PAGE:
Interview with Thao Lam, THAO: A PICTURE BOOK
Even though it’s only four simple, familiar letters long, nobody can ever pronounce Thao’s name. She’s been called Theo, Tail, even Towel! But the teasing names―Tofu, Tiny, China Girl―are worse. Maybe it’s time to be someone else?
Max's Boat Pick:
THAO: A PICTURE BOOK
By Thao Lam
Publisher: Owlkids (April 15, 2021)
What inspired you to write Thao: A Picture Book?
TL: "Years ago I stumbled across an NPR article about the effects of mispronouncing a student’s name. It mentioned how the alienation of having an unfamiliar name could cause a child's grades and social emotional well-being to suffer. The article validated my experiences and I wanted to learn more so I went down this rabbit hole reading everything I could on the social impact, as well as the politics and history, of names.
My name was butchered my entire life. I would dread roll calls or having to introduce myself at school. To
this day, I still cringe inside when I know my name is going to be called; there is always this awkward pause that tells me I am next.
Though they may seem harmless—mere slips of the tongue—these racial microaggressions add up and can leave a lasting impact on a child, skewing how they view themselves, their culture and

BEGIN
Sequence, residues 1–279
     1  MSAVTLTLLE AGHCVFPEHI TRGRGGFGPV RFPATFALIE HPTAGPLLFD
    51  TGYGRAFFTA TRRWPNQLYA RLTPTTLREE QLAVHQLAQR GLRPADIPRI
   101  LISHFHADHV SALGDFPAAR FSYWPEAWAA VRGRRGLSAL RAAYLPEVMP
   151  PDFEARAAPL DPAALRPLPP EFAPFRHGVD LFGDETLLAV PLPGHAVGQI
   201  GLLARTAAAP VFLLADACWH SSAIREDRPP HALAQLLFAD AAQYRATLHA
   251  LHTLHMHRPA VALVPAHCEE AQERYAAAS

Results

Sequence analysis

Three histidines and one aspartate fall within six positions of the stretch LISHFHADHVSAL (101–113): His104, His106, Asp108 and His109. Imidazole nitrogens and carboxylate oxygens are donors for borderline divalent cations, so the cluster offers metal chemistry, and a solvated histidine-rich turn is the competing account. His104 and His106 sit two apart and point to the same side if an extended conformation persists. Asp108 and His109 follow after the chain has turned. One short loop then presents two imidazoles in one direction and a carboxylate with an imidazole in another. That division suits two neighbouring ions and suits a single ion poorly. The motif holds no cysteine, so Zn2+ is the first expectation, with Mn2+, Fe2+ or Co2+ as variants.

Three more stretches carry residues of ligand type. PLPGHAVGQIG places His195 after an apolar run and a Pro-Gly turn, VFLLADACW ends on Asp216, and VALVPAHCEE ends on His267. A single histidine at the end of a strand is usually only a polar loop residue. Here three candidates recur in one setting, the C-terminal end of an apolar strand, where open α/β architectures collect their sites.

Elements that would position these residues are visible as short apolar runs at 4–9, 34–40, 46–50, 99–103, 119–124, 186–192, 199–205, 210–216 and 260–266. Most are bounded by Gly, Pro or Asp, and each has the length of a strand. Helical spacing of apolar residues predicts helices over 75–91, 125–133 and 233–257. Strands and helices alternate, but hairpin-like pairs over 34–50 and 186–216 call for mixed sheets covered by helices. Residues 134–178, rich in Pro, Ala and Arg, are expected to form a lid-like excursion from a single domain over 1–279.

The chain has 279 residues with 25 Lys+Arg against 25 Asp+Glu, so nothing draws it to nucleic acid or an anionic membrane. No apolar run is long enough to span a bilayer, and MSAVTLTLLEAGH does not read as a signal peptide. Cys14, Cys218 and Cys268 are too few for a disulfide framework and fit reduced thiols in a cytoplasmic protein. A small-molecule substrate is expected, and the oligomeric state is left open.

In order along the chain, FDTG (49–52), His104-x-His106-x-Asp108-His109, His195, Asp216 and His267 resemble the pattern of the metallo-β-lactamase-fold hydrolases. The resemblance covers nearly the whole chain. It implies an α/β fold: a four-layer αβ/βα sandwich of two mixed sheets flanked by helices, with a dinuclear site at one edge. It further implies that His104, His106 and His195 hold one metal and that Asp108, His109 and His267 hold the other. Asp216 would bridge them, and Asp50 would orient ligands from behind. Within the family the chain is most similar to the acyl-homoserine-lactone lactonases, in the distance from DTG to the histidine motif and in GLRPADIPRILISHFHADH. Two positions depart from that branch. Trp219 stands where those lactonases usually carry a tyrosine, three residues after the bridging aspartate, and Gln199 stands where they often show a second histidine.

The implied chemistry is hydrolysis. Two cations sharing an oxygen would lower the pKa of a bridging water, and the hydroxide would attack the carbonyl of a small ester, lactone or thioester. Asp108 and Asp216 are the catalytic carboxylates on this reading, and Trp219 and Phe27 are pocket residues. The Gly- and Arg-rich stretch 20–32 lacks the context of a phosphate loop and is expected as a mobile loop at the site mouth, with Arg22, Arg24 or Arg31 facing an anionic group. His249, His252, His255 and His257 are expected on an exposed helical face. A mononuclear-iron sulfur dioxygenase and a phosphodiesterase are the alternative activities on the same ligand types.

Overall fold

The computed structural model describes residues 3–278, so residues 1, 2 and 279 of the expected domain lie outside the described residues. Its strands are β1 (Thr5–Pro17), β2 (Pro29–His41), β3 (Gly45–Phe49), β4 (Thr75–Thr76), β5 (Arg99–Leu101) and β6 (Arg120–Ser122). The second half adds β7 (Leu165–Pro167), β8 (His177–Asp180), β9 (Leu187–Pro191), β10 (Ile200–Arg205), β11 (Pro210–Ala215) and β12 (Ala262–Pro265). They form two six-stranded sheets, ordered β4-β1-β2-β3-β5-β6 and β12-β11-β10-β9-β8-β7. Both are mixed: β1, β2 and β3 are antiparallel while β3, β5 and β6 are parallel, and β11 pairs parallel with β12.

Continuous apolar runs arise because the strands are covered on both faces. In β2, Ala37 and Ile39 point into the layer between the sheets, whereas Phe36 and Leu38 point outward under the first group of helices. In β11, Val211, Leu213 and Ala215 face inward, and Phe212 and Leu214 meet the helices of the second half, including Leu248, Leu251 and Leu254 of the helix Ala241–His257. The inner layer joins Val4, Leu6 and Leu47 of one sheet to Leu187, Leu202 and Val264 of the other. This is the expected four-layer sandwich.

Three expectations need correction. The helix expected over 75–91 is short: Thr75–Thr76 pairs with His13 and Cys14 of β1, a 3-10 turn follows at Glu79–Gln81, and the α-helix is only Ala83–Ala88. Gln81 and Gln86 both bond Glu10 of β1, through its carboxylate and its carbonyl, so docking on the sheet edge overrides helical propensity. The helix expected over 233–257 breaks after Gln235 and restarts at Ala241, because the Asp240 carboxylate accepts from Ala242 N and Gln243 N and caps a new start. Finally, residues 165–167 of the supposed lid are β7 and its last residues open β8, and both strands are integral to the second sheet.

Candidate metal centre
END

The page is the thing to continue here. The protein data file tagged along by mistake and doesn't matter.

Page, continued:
the world around them.
I was never taught to appreciate my name; it was something I endured. It was an embarrassing burden, and a constant reminder that I was different, foreign, and weird. But names are special and part of your identity. They have meaning, cultural significance, and family history attached to them."
Writing anything, even a work of fiction, can seem so personal, and here you are not just writing something deeply personal, but also putting your childhood photos in it! How did that come about? "I had all these photographs my mother gave me while I was researching my family’s history for The Paper Boat. There were a few of our lives in Canada so when I was trying to figure out the 'look' for THAO: A Picture Book, it clicked. This story was about me, so it made sense to use photos of me to help put a real face to a name. They serve as a reminder that behind each name is a person who should not be carelessly brushed off. Names hold ancestral and historical significance for many immigrants, like myself. There is a story and a person behind each name; we should make an effort and take the time to get to know both."
Who are some illustrators you admire? "I used to be an art buyer for educational publishing; my job was to commission illustrations for your language, math, history, science and social studies books. I spent a lot of time looking at illustrations and had the privilege of working with some amazing illustrators so it’s a long list of favorites:
Ezra Jack Keats
And so many more…"